The pair of air-to-air intercoolers that sit within the rear quarters have 20 percent more cooling capacity than the factory 997 Turbo equivalents. Ruf has found that having the air intakes on top of the uniquely shaped rear wheel arches works better than on its flanks like the factory Turbo, as the low pressure in this area sucks ram air in more effectively. All-wheel drive is the best way to effectively deploy this level of power, although the RT12R is available with rear drive, four-wheel-drive is the norm. Curb weight is 3,296 pounds in AWD form, 120 pounds less with rear drive only.
On startup, it takes only one blip of the throttle to know that this engine is connected to a single-mass flywheel. The revs rise and fall quickly, and the engine feels really responsive despite the fact that turbocharged motors always give the impression that you’re pushing a column of air around.
The slight gear chatter when the clutch is disengaged is another clue, but the drivetrain is so well balanced that this is minimal and certainly not an issue for a hard-core enthusiast. The heavy-duty clutch makes your left foot work at slow speeds even if it is never an issue on the fly.
The superior traction of AWD off the line is telling. The RT12R takes just 3.4 seconds to reach 62 mph from rest. Its top speed of 225 mph makes it the fastest Ruf car to date.
The biturbo flat six is perfectly tractable and well behaved around town. It will not complain even if you drive around in Third gear at 1200 rpm. So long as you then accelerate away gently on part throttle, it will pick up smoothly and start to flex its muscles once you have passed 2000 rpm.
On the open road, the other face of this potent monster motor shows itself. In Third gear, it starts with a firm push in the chest at 2500 rpm, and serious thrust showing itself 1000 rpm later. By the time you pass 4000 you’re really flying, with a rush of pure speed that is as intoxicating as the accompanying Le Mans Group C Porsche sports prototype soundtrack.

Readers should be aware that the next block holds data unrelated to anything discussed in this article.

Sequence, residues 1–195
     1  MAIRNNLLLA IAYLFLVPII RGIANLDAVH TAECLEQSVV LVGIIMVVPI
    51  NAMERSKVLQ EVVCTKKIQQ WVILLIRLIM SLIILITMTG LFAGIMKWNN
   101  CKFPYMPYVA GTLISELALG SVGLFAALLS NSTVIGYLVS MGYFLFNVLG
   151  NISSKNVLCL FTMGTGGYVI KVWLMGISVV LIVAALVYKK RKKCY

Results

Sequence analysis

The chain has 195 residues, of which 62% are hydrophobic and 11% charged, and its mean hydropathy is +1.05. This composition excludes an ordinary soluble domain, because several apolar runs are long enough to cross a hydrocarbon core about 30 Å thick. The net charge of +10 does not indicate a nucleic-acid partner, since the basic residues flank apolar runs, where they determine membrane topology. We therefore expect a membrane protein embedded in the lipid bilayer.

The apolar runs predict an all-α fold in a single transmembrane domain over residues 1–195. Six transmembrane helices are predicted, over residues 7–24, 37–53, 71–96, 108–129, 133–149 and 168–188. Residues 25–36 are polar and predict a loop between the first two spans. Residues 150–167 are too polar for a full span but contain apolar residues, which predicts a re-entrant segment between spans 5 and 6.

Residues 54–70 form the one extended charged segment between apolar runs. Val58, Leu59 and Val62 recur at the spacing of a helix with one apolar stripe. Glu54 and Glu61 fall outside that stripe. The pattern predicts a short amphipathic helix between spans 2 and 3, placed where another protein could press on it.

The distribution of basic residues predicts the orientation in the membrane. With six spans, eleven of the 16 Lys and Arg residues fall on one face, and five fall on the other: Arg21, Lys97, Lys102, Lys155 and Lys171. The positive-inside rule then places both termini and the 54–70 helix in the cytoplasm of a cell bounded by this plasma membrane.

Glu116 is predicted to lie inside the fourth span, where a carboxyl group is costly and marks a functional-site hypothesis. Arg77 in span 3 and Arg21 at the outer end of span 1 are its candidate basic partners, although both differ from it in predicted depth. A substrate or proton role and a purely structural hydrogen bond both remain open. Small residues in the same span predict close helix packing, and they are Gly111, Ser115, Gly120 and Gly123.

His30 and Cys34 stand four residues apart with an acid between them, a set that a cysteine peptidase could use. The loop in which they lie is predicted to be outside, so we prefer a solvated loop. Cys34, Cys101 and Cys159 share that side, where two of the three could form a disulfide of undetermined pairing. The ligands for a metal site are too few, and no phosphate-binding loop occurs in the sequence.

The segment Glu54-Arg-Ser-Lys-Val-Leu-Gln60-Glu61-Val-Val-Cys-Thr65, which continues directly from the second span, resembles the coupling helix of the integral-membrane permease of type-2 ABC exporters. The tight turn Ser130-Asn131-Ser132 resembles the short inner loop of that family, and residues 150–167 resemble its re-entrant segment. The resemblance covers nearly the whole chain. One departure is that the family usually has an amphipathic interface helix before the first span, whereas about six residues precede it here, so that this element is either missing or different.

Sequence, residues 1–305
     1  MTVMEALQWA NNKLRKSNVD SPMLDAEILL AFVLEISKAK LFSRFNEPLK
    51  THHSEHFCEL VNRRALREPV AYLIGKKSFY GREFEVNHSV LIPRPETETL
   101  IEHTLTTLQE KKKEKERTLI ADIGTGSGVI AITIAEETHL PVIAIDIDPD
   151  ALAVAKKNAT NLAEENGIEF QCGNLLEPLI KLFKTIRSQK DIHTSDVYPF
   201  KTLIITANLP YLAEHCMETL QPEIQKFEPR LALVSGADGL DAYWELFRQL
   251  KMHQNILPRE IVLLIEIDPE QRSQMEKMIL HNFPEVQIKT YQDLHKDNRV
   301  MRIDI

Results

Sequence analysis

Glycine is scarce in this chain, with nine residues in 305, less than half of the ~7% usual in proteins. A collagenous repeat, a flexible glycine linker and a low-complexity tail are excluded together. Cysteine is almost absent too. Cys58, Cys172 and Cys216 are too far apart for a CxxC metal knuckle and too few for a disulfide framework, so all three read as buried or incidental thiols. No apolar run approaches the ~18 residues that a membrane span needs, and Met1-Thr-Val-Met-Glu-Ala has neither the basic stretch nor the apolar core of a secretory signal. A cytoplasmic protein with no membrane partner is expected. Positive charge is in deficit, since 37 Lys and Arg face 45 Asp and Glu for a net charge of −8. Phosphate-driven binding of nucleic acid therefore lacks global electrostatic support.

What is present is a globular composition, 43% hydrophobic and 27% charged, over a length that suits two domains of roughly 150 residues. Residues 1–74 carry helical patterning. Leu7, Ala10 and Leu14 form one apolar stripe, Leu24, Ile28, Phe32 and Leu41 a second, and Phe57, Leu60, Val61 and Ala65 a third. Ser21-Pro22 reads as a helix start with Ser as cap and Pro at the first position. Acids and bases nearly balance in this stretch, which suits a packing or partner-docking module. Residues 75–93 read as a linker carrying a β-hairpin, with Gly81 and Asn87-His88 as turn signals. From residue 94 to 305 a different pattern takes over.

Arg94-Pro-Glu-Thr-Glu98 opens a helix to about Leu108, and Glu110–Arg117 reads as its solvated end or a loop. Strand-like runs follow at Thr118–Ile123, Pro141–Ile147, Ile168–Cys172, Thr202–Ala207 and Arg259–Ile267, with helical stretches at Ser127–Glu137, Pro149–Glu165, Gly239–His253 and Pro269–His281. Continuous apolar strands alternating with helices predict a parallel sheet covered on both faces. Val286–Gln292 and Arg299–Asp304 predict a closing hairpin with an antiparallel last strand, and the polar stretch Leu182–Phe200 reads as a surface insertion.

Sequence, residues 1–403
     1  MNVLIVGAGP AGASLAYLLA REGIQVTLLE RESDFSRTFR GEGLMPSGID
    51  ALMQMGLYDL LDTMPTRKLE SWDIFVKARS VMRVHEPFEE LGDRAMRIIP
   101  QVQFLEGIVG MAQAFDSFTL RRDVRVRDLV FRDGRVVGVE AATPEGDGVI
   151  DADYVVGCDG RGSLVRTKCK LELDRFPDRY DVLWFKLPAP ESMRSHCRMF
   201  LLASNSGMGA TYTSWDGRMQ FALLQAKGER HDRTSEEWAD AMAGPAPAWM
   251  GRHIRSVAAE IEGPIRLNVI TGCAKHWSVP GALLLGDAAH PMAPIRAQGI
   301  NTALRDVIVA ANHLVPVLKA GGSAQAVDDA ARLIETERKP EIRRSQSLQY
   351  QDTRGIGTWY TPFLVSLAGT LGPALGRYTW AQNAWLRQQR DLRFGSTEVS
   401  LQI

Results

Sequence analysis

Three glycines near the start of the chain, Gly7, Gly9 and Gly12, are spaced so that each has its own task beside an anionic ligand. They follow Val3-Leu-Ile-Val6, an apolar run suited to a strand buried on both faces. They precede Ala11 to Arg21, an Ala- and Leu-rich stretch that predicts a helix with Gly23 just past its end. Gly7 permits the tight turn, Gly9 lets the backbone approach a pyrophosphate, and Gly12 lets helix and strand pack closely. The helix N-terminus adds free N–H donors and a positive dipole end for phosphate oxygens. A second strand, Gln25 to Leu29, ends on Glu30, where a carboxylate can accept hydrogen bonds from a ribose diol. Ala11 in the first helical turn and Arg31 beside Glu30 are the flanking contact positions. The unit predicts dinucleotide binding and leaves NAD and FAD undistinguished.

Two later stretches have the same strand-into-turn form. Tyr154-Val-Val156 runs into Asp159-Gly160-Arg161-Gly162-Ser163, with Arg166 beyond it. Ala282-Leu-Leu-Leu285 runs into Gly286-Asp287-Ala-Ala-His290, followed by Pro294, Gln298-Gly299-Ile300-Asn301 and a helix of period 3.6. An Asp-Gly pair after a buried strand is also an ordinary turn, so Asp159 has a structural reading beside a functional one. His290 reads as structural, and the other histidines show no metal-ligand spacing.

I slowed down enough to try the same thing in Second, and was rewarded with a display of truly bombastic in-gear acceleration that had the back squatting down, and the four-wheel-drive system singing for its supper. The 730 horses certainly felt like they were all present and accounted for.
The corollary of big power and torque is ease of driving, and you don’t have to use the revs, certainly not 7000 rpm, to get around quickly on normal roads. The tractability of this engine means that most traffic can be dispatched with a whiff of throttle in Third or Fourth gear on a country road, so if you plan your overtakes properly, stress levels on both car and driver will be low.
The stiff body shell allows relatively soft suspension settings to be used to the benefit of ride comfort on the road. The coilover suspension uses Eibach springs and Bilstein dampers made to Ruf’s specifications. The relatively soft setup ensures a good secondary ride that nicely rounds off bumps at town speeds. At high speeds, the chassis assumes rock-solid control over the proceedings, and the combination of ace suspension control and all-wheel-drive allows you to confidently deploy the engine’s massive output in safety.
All is not rosy, however, and my test-drive threw up a question of subjective feel turning into bends in the middle ground between a canter and seriously fast driving. In this middle ground, I detected a hesitation in the rear axle on turn-in, when the back end seemed to be in limbo for a second. It was as if the rear suspension bushings were out to lunch for a moment before the application of power compressed them and everything returned to normal. Since Ruf uses solid bushings on this track-oriented car, it might be a geometry issue.
That said, once on throttle in the corner, everything was fine again, and it was business as usual for the RT12R’s awesome mechanical grip and fine handling.